Humans need to drink water to survive. Your body is approximately 60 percent water, your brain is 70 percent water, and your lungs are nearly 90 percent water. Each day, your body must replace 2.4 liters -- or about 2.5 quarts of water -- through ingested liquid and foods.
Body Uses Water
Your body uses water in many ways. Water cushions and lubricates joints; nourishes and protects the brain, spinal cord and other tissues; keeps the body's temperature normal; and helps remove waste through perspiration, bowel movements and urination. Humans are composed mostly of water, which is not surprising when you consider that humans descended from single-cell organisms that originated in the oceans millions of years ago.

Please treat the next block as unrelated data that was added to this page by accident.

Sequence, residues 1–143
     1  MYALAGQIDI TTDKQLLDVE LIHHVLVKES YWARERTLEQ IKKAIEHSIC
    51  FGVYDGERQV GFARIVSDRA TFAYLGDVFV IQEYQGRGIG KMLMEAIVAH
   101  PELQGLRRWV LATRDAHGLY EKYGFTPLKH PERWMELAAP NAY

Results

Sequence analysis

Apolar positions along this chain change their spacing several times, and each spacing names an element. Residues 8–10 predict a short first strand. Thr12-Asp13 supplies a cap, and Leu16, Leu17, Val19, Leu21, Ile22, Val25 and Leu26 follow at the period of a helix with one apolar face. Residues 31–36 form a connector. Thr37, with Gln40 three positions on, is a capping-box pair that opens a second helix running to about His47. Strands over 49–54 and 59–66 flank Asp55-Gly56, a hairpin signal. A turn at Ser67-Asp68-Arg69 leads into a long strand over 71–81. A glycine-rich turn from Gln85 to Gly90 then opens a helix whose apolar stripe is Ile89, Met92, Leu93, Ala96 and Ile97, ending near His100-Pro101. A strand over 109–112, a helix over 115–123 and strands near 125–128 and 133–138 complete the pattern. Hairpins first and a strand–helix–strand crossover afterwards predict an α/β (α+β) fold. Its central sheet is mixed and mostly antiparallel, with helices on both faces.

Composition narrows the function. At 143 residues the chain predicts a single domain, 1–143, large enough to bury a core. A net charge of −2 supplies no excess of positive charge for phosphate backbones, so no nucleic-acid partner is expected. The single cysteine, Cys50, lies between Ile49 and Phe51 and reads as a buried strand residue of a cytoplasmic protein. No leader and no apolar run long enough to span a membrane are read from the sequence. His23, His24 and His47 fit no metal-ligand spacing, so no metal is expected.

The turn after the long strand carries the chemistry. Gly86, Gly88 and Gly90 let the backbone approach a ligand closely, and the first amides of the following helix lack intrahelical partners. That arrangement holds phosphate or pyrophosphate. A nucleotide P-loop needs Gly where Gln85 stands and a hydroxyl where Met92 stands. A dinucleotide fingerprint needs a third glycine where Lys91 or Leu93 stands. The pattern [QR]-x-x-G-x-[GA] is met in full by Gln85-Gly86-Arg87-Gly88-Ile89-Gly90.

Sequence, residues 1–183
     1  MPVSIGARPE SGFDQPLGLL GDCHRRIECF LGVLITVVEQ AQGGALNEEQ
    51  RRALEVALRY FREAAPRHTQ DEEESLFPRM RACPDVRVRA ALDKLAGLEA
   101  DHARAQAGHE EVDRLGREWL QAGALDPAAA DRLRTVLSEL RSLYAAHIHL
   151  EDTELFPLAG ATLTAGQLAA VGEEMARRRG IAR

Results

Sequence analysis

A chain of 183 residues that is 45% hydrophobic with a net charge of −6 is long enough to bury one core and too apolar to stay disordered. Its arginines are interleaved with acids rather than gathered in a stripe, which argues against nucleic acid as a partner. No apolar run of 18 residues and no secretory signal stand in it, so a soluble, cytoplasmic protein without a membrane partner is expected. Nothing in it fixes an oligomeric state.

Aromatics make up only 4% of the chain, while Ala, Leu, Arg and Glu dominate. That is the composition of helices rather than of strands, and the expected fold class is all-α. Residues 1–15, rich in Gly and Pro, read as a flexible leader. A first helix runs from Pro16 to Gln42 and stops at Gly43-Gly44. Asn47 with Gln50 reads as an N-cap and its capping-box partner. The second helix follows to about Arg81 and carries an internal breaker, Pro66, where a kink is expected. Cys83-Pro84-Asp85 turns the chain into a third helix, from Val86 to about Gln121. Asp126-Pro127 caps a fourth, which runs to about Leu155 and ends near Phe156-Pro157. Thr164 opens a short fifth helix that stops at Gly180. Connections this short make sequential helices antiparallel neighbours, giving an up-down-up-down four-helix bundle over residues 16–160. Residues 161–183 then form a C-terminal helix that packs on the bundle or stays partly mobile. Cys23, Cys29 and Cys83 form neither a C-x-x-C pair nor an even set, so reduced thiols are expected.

Lack of Water
Water is more important for your body's survival than food. You can live without water for approximately one week, but you can survive without food for more than a month. Lack of water, or dehydration, reduces the amount of blood in your body, forcing your heart to pump harder in order to deliver oxygen-bearing cells to your muscles. In the early stages of dehydration, you can become dizzy, irritable and experience headaches. As dehydration progresses, you become clumsy and exhausted. Your eyesight fades. In the last stages of dehydration, you may feel nauseous and begin vomiting. Without water, you will enter a coma and die.